Tuesday, July 8, 2014

The Anthology Game

Welcome to the one-month anniversary of C-Log.  (I've decided that blogs are like babies.  Cute in their infancy but probably won't make that big of an impact or pay their own rent until they are old enough to go to college.) 

NEXT WEEK I'll have a guest blog by Meredith Li-Vollmer, a risk communication specialist for Public Health - Seattle & King County who spearheaded the project Comics 4 Health Coverage.

Title page in-process for an anthology
submission due later this month.
THIS WEEK is about my experienced with seeking publication in comics anthologies.

I'm excited to report that it can be done.  Since the cold Seattle night that I decided to Google "Comics Anthology Submissions," I've had five stories selected for publication, with two more under consideration.

I feel good about the chances of the pending submissions because I researched the anthologies thoroughly and feel my art fits well with what the editors are trying to do.

Which is the sweet spot - the fit.

There are not a lot of open calls for comic book anthologies, period.  Of those, a high percentage of them are for genre fiction, mainstream horror and/or manga themed publications.  That's great, if that's the kind of work you're making, but my stuff is more in the autobiographical vein.

So, I did A LOT OF RESEARCH.  And this is what I've found:
  • Again, there's not a ton of open calls for submission out there.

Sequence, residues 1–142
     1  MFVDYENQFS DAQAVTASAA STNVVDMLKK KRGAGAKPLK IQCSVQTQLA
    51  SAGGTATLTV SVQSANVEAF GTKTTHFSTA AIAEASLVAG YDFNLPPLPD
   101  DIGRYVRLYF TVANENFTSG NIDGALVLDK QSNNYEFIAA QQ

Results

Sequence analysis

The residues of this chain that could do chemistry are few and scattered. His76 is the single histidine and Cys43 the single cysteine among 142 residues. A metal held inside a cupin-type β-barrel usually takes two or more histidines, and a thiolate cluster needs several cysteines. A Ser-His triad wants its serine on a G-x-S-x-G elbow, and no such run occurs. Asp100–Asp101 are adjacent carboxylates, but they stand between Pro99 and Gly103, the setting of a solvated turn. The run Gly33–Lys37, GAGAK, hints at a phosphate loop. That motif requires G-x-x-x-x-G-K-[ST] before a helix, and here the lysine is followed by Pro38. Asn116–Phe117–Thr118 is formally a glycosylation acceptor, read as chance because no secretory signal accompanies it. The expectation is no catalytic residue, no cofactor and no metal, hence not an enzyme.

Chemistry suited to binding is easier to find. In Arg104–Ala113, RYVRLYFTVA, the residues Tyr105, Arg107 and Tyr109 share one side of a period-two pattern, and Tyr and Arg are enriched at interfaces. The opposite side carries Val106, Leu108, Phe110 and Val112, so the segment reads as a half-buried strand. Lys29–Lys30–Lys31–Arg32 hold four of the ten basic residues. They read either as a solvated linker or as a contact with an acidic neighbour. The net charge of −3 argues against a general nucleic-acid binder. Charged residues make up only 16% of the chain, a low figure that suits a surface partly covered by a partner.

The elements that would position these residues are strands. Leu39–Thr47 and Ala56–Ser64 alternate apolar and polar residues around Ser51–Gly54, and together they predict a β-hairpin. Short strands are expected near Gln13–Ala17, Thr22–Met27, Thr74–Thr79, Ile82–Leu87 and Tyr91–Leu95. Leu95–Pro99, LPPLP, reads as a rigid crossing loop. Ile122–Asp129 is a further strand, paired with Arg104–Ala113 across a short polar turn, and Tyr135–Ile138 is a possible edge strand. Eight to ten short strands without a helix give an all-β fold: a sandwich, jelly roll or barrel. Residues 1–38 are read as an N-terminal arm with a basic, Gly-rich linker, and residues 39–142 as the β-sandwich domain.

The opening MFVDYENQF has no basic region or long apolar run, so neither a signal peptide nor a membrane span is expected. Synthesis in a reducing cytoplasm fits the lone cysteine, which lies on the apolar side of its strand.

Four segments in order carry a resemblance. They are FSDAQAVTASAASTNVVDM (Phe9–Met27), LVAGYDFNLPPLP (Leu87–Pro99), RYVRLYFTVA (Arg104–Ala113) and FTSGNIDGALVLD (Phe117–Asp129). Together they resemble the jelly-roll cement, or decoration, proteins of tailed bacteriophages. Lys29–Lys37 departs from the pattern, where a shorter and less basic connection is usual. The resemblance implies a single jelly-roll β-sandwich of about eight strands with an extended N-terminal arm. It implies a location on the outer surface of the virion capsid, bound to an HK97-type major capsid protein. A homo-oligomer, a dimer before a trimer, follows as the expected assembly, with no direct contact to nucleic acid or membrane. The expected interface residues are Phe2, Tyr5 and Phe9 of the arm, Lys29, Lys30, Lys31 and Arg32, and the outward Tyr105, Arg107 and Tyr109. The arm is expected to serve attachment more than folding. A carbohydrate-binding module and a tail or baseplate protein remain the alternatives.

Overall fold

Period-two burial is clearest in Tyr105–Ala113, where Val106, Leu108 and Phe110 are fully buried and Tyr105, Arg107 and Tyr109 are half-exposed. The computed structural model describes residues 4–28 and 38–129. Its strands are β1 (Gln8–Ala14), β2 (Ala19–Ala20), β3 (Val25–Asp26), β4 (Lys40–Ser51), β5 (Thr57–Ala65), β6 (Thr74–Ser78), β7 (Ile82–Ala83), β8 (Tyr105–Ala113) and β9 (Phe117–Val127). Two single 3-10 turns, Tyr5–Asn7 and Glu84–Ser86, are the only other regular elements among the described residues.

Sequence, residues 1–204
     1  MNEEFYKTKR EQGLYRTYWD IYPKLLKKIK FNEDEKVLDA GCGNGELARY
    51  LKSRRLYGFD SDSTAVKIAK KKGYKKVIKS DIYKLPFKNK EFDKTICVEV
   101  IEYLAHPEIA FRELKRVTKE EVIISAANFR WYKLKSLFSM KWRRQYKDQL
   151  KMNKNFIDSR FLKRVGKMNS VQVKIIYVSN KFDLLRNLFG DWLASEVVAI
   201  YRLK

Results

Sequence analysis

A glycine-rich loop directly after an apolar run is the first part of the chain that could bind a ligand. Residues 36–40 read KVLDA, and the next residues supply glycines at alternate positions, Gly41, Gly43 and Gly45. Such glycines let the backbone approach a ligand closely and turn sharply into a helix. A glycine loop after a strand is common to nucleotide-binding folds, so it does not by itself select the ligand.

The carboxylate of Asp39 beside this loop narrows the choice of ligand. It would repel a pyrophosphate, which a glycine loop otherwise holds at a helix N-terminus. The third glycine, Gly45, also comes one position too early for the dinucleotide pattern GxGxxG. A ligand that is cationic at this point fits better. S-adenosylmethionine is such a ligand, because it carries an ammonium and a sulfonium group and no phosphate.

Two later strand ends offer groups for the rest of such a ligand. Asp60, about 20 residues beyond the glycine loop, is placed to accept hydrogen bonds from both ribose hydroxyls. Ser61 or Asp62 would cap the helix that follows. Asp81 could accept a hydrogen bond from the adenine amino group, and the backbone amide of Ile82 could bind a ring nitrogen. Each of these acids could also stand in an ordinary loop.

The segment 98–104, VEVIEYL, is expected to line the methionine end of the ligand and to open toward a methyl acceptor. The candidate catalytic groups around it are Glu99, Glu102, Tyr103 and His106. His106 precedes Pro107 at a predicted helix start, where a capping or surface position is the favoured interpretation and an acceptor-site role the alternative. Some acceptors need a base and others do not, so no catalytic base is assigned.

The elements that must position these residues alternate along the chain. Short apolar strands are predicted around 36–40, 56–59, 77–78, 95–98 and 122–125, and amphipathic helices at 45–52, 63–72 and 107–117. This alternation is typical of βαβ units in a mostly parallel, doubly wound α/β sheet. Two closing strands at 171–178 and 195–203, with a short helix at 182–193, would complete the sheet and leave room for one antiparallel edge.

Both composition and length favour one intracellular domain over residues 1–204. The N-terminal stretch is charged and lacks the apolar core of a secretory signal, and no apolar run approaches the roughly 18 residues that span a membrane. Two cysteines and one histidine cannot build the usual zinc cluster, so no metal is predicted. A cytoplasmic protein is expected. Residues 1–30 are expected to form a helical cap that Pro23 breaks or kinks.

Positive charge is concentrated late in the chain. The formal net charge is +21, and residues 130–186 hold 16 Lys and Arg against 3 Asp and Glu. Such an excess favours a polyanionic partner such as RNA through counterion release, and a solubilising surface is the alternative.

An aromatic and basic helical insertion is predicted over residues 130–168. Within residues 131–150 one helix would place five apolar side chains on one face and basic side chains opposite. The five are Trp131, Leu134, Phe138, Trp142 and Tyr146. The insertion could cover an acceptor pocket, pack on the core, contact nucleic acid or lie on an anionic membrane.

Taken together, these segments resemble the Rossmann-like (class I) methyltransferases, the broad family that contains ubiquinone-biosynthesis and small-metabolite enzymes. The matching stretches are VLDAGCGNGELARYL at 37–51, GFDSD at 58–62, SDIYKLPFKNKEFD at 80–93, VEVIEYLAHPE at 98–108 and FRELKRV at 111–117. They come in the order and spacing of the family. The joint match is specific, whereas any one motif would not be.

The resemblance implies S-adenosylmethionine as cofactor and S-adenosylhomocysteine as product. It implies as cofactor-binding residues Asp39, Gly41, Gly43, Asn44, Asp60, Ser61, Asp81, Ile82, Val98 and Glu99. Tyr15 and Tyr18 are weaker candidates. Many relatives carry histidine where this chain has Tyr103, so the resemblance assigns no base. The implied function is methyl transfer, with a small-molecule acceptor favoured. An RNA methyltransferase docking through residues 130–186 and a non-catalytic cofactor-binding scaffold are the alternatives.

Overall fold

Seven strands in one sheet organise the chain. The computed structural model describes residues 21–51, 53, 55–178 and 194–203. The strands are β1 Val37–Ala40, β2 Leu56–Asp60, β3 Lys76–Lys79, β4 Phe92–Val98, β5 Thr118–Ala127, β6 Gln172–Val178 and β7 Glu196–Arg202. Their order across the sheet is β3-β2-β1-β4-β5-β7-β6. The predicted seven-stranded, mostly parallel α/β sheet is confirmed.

• Some of the best ones I found were buried deep in the editor's blog (so keep digging!)
  • Many calls for submission are out-of-date.  I have an embarrassing story about making a comic for an anthology that was already published.  The story has a happy ending, because the comic is being printed in another journal, but you can bet I triple-check dates, now.
  • There are at least two lists of open calls that seem to be current and relatively accurate.  They are kept by Cloudscape Comics out of BC and Indie Ladies Comics.  

My super-secret weapon for taking over comics by 2015.
After a few months of submitting to anthologies, I began keeping a spreadsheet.

This is a practice I started after missing the call for inclusion in Dirty Diamonds #5, which I really REALLY wanted to be in, but am not, because there was just so much time left until the deadline.  And then I forgot about it.  And then the deadline passed.

There is actually a second page to the spreadsheet, which lists stories after they get published, so that I have a record of my publication history.  Why so organized, you ask?  Because in my past life, as a poet, I got grants, publication, residencies and the like, but never did anything with all that good stuff.  My peers were getting book deals and performance tours and I was working as an arts administrator and not making a case for myself as an artist.  I feel that I squandered a lot of creative capital. 

I don't know how many shots you get at doing what you love, but I'm not going to waste it this time around.  Both the research and the spreadsheets have been helpful in getting my stories out there and have even led to inclusion in invitation-only anthologies.

I'll keep posting about this topic as I learn more and come across new developments.  If you are aware of any other resources that would be useful in the quest for publication, and care to share them, feel free to email me or post in the comments below. 


  1. Great blog post, Noel! Thanks for sharing your valuable, hard-earned knowledge and wisdom. And boy, that title page to "Shipyard Espionage" is looking mighty fine!

  2. Thanks, Paul! Shipyard Espionage is taking FOREVER.

    I think I'll circle back to anthologies in two weeks, to talk about the paid vs. unpaid anthology issues, and such. I don't think the information is pertinent to well established comics creators, but it's worth bringing the discussion "on line."